c EU Humanitarian Aid and Civil Protection

Israel and the West Bank build a bridge over murky waters

The new Memorandum of Understanding signed between Israel and West Bank in December 2013 goes some way to addressing Palestinian water shortages but it does not address the root causes of this shortage and the disparity in water supply between Israel and the West Bank.

The memorandum signed between Israel and the Palestinian Authorities stipulates that the Israeli water authority, Mekorot, will supply the West Bank with 20-30 million cubic metres of desalinated water a year. This will help to alleviate severe water shortages that currently beset the West Bank. In 2009 the World Bank reported that litres per capita availability in many areas of the West Bank fell far below WHO’s recommended guideline. WHO recommends 100 litres of water per capita per day (lpcd), but for a quarter of the population connected to the water supply network availability fell to below 50 lpcd.

The new supply of water that the West Bank will receive represents a 21.5% increase upon its current total supply of 139.6m cubic metres. This has the potential to increase water availability for each person in the West Bank by approximately 47 litres per day. Such an increase could bring the average total water supply in the West Bank closer to WHO’s optimal water supply recommendation.

The new memorandum is also a significant political achievement for the region. Both sides have managed to put the greater Arab-Israeli conflict aside and cooperate over water to improve the livelihoods of people in the West Bank. Such breakthroughs bring both sides together which may help to spur reconciliation and peace in the region.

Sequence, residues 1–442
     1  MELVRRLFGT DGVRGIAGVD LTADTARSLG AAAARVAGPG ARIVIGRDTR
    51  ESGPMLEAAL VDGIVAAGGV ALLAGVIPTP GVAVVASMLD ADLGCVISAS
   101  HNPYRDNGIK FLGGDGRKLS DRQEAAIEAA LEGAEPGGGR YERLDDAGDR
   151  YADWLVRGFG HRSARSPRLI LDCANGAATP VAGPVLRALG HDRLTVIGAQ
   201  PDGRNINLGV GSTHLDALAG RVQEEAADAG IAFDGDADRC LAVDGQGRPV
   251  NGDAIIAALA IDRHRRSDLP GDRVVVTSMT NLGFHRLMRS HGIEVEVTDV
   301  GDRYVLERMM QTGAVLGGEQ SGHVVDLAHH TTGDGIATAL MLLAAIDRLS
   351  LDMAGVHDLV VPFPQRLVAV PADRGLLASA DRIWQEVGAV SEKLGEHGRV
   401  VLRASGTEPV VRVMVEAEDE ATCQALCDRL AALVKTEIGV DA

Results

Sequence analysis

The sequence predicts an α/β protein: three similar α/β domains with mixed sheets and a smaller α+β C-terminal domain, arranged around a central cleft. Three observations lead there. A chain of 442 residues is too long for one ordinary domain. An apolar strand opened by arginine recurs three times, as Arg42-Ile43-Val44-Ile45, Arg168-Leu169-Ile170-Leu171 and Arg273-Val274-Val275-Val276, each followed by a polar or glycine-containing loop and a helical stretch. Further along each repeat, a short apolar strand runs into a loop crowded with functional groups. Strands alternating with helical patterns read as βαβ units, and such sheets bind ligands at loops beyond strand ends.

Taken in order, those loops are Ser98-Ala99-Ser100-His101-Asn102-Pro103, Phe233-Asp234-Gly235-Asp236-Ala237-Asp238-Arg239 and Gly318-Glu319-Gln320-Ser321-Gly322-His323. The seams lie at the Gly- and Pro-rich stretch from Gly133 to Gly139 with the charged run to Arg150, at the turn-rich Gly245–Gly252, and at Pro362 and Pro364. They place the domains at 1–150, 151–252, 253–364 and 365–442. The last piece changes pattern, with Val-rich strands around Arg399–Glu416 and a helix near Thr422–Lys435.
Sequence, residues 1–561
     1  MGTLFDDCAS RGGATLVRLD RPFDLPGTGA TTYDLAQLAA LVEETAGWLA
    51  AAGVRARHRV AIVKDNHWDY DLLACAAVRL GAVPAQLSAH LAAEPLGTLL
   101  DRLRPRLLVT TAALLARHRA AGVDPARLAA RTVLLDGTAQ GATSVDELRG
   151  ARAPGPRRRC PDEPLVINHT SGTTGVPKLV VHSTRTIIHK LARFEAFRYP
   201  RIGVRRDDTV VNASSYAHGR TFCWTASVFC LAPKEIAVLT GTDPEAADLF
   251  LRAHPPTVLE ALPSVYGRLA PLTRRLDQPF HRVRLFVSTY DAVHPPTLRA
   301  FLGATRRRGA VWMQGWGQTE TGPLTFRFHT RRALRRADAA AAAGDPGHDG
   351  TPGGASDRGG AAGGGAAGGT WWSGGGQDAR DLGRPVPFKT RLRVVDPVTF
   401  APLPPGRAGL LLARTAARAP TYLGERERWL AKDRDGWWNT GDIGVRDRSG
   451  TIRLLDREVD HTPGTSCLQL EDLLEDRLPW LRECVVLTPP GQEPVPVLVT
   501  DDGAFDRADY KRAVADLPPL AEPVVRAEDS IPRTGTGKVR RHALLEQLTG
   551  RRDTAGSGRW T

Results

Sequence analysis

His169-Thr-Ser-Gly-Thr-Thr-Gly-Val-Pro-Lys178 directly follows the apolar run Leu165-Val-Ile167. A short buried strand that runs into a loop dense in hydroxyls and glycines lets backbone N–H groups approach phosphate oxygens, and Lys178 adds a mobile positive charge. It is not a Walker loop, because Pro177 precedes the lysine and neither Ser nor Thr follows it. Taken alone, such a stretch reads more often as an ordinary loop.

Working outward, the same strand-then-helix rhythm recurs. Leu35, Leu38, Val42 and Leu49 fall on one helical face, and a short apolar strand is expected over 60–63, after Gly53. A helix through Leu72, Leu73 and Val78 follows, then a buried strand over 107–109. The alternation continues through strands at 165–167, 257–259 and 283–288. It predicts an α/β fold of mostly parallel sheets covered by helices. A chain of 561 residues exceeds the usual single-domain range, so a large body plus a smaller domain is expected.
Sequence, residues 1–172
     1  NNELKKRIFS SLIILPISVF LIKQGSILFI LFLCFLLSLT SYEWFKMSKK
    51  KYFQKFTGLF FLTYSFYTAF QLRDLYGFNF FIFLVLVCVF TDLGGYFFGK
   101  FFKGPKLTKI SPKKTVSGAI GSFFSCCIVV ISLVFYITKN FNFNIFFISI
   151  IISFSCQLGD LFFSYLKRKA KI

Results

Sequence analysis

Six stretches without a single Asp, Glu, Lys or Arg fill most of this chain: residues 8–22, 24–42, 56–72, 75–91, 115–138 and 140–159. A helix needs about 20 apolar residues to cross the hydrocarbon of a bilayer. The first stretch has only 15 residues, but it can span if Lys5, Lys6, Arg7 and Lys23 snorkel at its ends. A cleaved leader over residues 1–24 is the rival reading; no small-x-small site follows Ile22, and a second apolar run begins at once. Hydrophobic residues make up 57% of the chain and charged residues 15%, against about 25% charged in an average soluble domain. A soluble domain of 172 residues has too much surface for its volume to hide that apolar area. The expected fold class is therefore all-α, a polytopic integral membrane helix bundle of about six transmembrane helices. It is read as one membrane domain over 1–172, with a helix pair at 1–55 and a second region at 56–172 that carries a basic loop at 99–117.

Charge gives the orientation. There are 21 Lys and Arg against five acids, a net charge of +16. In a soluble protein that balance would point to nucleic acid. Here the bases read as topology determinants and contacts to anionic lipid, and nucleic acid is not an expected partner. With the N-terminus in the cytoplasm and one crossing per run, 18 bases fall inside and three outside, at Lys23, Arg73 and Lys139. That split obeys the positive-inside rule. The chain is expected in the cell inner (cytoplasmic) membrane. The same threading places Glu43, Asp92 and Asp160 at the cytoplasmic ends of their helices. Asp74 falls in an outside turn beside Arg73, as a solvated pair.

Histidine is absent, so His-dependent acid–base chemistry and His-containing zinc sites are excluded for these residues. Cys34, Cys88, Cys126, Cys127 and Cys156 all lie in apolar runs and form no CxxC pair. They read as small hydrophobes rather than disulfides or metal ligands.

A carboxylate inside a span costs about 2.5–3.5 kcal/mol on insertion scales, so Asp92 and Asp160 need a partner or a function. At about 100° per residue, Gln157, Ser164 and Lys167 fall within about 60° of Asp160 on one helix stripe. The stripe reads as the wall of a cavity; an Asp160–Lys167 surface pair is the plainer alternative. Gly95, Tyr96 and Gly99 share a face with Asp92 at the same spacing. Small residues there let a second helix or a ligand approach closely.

However, whilst this agreement will supply the West Bank with much needed water, it will not help to get rid of some of the root causes behind the severe water shortages in the West Bank. The World Bank, Amnesty International and the UNHCR have all criticised Israel at times for how it has restricted Palestinian access to water in the West Bank. In the past, West Bank Palestinian communities have had their wells destroyed by the IDF. Palestinians have also been restricted from developing their own domestic water sources because of Israeli vetoes in a Joint Water Committee (JWC) that manages the water infrastructure in the West Bank. Such actions have had the effect of limiting the Palestinians water authority’s ability to develop its own domestic water supply system.

All the while, Israeli authorities have been known to promote the development of water infrastructure to Israeli settler communities in the West Bank to the detriment of the Palestinian population. Israeli authorities have also over-extracted groundwater from aquifers in the West Bank above an agreed quota with the Palestinians. Consequently, in 2009 the World Bank noted that ‘Palestinian per capita access to water resources in the West Bank is a quarter of Israeli access and is declining.’

Part of the water shortages can be put down the Palestinian Water Authority’s weakness; the PWA does recognise that it struggles to cater for the population of the West Bank and has asked for outside help to help improve its capabilities. Nevertheless, the new Memorandum of Understanding does nothing to change the conduct of Israeli authorities when it comes to water supply in the West Bank. Instead, the West Bank has now become more dependent upon Israel for its water supply; 49% of the water supplied to the West Bank will come from Israeli sources, up from 38% in 2009. Given the conduct of Israeli authorities in the past, this may be a cause for concern for some West Bank Palestinians.

Above all, it is important that the West Bank gets the water that it needs. It should not be a concern if this water comes from a foreign country or not, especially if hydro-political cooperation may facilitate cooperation in other areas. However, taking into consideration the conduct of Israel in the past and some of the reasons behind water shortages in the West Bank, it is important to question this agreement and consider what other measures may need to be taken in the region to ensure an equitable supply of water to the West Bank.